- 70% drop in available private rental properties in two years, with Northeast also affected
- Average rents increase by almost 20% year-on-year in West and North-West
Monday February 21: Rent prices in Ireland’s western and north-western counties have had the strongest rate of inflation on record since 2006, as the majority of these regions remain outside of Rent Pressure Zones (RPZ’s), according to research in the latest Daft.ie Q4 2021 Rental Price Report. The average rent has increased in the west and northwest by 18.9% compared to Quarter 2020. The recent report found that the average rent in Galway City has increased by 8.8% since 2020 to €1,504. Meanwhile, Donegal has experienced one of the highest increases in the west, with average rents jumping by an unprecedented 24.3%. Leitrim, once the cheapest county to live in has had the highest increase in the country at 24.8%, with the average rent now costing €779. As these areas are not protected by RPZ legislation, landlords cannot charge more than ‘market rent’ when seeking a rent review, which must be a minimum of 24 months from the previous review notification.
Four in 10 queries in some counties relate to tenancy termination
Threshold, the national housing charity, said that their Galway office dealt with queries from 504 households in December 2021. Of these queries, 40% concerned tenancy terminations, with private renters facing little options of alternative accommodation when their tenancy is ended as long-term rental choices dwindle. One in five cases concerned rent and rent increases in the same period. Threshold’s Western Regional Services Manager, Karina Timothy stated:
“The high increase in rent prices combined with the fewer choices of accommodation in the west and northwest is incredibly concerning. We’re experiencing far more queries with more tenants expressing concerns over the increasing costs of renting and it’s a very difficult time for those who are renting. Additional measures such as a Rent Register, which would allow private renters to check the previous rent on the property and when it was set, are undoubtedly necessary, as is a nationwide expansion of Rent Pressure Zones in order to tackle rising prices.”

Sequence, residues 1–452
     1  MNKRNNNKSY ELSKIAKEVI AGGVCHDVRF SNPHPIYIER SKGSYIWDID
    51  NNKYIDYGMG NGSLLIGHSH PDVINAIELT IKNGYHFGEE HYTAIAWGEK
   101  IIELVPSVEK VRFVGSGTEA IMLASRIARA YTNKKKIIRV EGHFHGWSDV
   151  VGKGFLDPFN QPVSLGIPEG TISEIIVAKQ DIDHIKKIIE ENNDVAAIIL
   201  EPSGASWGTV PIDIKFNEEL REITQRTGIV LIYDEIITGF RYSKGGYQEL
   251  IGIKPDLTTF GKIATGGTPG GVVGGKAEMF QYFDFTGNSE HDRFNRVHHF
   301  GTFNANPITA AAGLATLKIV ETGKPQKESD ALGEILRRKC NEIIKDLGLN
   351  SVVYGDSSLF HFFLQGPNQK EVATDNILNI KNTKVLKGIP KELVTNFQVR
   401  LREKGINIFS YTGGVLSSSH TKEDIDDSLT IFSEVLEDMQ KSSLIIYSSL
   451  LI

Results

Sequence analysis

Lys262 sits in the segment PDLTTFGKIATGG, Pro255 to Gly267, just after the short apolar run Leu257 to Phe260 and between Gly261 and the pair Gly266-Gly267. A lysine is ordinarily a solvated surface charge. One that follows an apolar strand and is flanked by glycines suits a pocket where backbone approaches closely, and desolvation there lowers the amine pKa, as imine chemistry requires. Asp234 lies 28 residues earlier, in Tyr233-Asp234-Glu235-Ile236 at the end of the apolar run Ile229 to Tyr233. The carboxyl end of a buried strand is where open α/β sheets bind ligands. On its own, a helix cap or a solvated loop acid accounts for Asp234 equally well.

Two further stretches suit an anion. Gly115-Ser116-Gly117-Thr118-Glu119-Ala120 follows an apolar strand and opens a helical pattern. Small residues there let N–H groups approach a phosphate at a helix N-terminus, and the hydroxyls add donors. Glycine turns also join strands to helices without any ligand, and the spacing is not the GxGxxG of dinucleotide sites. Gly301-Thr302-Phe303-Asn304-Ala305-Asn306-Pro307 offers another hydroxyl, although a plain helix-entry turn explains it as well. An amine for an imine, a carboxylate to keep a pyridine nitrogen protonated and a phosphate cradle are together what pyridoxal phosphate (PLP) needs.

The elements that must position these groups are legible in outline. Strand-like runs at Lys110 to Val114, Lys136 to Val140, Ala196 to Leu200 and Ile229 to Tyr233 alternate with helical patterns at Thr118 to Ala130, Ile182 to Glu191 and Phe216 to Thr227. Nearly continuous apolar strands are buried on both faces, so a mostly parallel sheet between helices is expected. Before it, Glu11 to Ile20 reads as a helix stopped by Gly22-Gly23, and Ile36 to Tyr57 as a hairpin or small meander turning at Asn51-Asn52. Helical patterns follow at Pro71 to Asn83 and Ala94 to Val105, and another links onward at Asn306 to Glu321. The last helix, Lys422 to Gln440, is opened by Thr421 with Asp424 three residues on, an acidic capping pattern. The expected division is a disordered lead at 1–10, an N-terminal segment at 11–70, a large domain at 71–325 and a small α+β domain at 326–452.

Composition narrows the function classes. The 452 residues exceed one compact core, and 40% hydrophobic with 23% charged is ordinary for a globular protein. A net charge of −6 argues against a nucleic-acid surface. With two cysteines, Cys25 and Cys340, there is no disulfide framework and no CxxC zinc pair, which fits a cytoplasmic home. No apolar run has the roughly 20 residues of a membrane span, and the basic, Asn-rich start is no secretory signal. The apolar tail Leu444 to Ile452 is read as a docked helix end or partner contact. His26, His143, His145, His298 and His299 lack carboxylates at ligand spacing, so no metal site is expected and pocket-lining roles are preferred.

Daft.ie reported that rents have risen nationally by an average 10.3%, the highest year-on-year national rent increase since the second quarter of 2018. This is exacerbated by long-term accommodation availability dropping significantly throughout the country, with short-term lets becoming a more frequent phenomenon.
Huge disparity between numbers of short-let and long-term lets in these areas and the North-East
Research carried out by Threshold on Daft.ie and short-term let platforms highlights this and shows a stark difference in the number of long-term, and short-term, rental options in the west and north-west of the country.
In early December, Daft.ie listed 156 homes to rent in Connaught, and just 63 homes in Donegal, Cavan and Monaghan combined. However, Inside AirBnB figures from December 2021 show a total of 2,131 short-term accommodations available to rent in Donegal, Cavan and Monaghan collectively. Of this, there were 93 homes/apartments to rent in Cavan, 1,267 entire properties to rent in Donegal and 43 entire accommodation options available in Monaghan.
New Short-Term Registration System
A new short-term let registration system is set to be launched by Failte Ireland in the coming months. This new system will mean that property owners must register accommodation and have the correct planning permission to advertise a short-term letting option. This forms part of the government’s Housing For All Plan, launched last September. Collectively in the region of Connaught and counties Cavan, Donegal and Monaghan, Daft.ie reported just 188 homes available to rent on February 1st of this year, which is the second lowest figure since 2006. Prior to the Covid-19 pandemic, 600 homes were recorded as available to rent, which represent a drop of almost 70%.
Karina Timothy concluded that ongoing measures from the State must continue: We need to see further action from the government in tackling soaring rent prices, similarly to how they have acted in response to increasing energy costs and inflation. There won’t be any improvement without some further regulatory measures, , and unfortunately – the longer that this issue remains – the more individuals and families are placed at risk of homelessness.”
Threshold’s helpline is open Monday to Friday, 9am- 9pm at 1800 454 454, with webchat at www.threshold.ie/advice/help for any renter in need of advice or support.